Business groups urge complementary measures for wage hikes

06/06/2022 10:55 PM
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CNA file photo
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Taipei, June 6 (CNA) Several business groups in Taiwan on Monday called for the government to come up with appropriate complementary measures after President Tsai Ing-wen (蔡英文) said she hoped her government could continue raising the minimum wage every year.

The business groups said that while the president wants to increase the minimum wage, her government should also be aware of the difficulties businesses are facing and the need for financial relief amid the current COVID-19 outbreak.

Speaking at the annual assembly of the Taiwan Confederation of Trade Unions (TCTU) on Monday, Tsai said her administration has a plan in place to raise the minimum wage every year and is determined to overcome obstacles to achieve the goal.

Tsai's government has raised the minimum wage six years in a row. In the latest hike decided last year, the minimum monthly wage went up 5.21 percent, or NT$1,250 (US$42.52), to NT$25,250, and the minimum hourly wage rose from NT$160 to NT$168, effective Jan. 1, 2022.

Lee Yu-chia (李育家), head of the National Association of Small & Medium Enterprises, one of the groups that was concerned about the policy, said export-oriented industries, such as the semiconductor industry, were still growing because of robust global demand.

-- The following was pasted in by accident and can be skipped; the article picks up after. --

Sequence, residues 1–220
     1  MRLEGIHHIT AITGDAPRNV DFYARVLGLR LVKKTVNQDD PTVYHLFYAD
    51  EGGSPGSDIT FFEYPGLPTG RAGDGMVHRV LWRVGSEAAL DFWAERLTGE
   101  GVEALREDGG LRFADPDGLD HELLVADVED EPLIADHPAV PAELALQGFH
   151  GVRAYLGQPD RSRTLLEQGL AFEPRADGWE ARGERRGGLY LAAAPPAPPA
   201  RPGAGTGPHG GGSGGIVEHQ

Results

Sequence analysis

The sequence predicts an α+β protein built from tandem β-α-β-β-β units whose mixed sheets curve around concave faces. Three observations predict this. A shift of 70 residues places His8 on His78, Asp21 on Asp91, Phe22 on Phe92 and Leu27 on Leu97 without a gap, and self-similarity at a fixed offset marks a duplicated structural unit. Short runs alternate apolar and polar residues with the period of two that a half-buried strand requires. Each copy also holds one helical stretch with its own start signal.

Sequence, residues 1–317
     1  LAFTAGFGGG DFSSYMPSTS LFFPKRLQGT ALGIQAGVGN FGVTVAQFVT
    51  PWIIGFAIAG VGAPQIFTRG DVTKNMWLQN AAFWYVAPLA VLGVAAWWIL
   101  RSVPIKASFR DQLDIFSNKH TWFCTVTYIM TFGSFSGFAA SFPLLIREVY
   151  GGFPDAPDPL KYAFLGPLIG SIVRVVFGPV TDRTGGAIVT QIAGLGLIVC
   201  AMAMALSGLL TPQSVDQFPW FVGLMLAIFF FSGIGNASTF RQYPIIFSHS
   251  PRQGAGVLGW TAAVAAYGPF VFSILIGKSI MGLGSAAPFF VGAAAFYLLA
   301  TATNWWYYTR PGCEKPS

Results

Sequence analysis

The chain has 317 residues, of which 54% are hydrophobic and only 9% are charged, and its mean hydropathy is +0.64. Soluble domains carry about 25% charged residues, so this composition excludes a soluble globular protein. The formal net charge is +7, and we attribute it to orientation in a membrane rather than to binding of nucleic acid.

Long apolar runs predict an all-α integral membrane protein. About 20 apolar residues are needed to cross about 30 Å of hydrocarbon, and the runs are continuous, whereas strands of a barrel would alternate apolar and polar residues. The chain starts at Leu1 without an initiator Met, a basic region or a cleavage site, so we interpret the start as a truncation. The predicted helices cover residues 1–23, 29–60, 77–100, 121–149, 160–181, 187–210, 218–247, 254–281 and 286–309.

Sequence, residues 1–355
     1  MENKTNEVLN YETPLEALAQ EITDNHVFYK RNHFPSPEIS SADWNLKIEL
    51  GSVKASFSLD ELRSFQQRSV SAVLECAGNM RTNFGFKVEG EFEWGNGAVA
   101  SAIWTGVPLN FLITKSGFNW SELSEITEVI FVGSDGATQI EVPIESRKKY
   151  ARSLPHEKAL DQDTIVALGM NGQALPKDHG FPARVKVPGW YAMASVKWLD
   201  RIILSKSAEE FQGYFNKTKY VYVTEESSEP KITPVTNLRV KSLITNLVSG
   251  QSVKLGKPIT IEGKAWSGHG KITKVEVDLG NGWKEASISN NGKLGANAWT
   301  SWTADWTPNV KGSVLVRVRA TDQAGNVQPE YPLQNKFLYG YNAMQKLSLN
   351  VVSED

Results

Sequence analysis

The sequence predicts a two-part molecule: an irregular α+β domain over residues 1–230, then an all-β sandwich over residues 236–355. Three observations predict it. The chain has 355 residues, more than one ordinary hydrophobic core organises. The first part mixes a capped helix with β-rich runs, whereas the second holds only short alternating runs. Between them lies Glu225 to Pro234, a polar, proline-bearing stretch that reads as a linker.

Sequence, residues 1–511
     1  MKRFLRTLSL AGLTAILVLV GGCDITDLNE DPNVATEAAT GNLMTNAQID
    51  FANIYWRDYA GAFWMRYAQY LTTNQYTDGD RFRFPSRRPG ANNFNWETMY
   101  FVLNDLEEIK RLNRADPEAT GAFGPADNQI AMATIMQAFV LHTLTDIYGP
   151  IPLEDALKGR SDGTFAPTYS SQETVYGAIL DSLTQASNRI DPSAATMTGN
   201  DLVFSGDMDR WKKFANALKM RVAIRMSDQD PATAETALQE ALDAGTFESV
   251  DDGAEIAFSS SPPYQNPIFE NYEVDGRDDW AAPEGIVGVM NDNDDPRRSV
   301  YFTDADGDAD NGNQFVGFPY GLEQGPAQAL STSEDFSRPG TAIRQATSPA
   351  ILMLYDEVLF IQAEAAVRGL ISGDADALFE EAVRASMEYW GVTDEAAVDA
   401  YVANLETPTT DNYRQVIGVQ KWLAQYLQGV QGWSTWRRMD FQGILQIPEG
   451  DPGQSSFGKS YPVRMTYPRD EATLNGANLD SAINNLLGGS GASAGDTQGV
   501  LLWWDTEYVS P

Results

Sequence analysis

Many domestic demand-oriented small and medium-sized enterprises, on the other hand, have been hit hard by weaker private consumption amid a spike in COVID-19 infections in the past two months, Lee said.

Thus, the government should come up with supplemental financial relief policies targeted at the industries that really need financial assistance, Lee said, adding that he opposed a blanket relief package.

Lee suggested that the government consider tax cuts and deferred tax payments to reduce the financial burden shouldered by employers who have suffered the most from the COVID-19 outbreak.

He praised the government for the financial aid given to certain small and medium-sized enterprises last year to help with the latest minimum wage hike, effective from Jan. 1.

Echoing Lee, Hsu Shu-po (許舒博), chairman of the General Chamber of Commerce of the Republic of China, said the service industry has been the victim of the pandemic in the last two to three years, and he supported financial relief tailored to those businesses.

Beyond taking into account the health of individual industries, Hsu said the government should also consider economic growth and inflation.

Average real regular wages fell in Taiwan in the first quarter, the first quarterly decline in six years, because of higher prices.

The consumer price index (CPI) rose 2.81 percent in the first quarter, while the average nominal regular wage before being adjusted for inflation was up 2.71 percent, according to government figures.

At the end of May, the Directorate General of Budget, Accounting and Statistics lowered its forecast for Taiwan's 2022 gross domestic product (GDP) to 3.91 percent, falling below the 4 percent floor the government had previously anticipated, due to weakening private consumption.

"Without appropriate financial relief, many COVID-19 affected companies are likely to cut their workforces, and in turn, workers will suffer," Hsu said.

Lin Por-fong (林伯豐), chairman of Taiwan's Chinese National Association of Industry and Commerce, said a hike in the minimum wage is not the only way for the government to take care of workers.

The government should think about other options such as increases in medical care insurance coverage or special housing for workers.

(By Tseng Chih-yi and Frances Huang)


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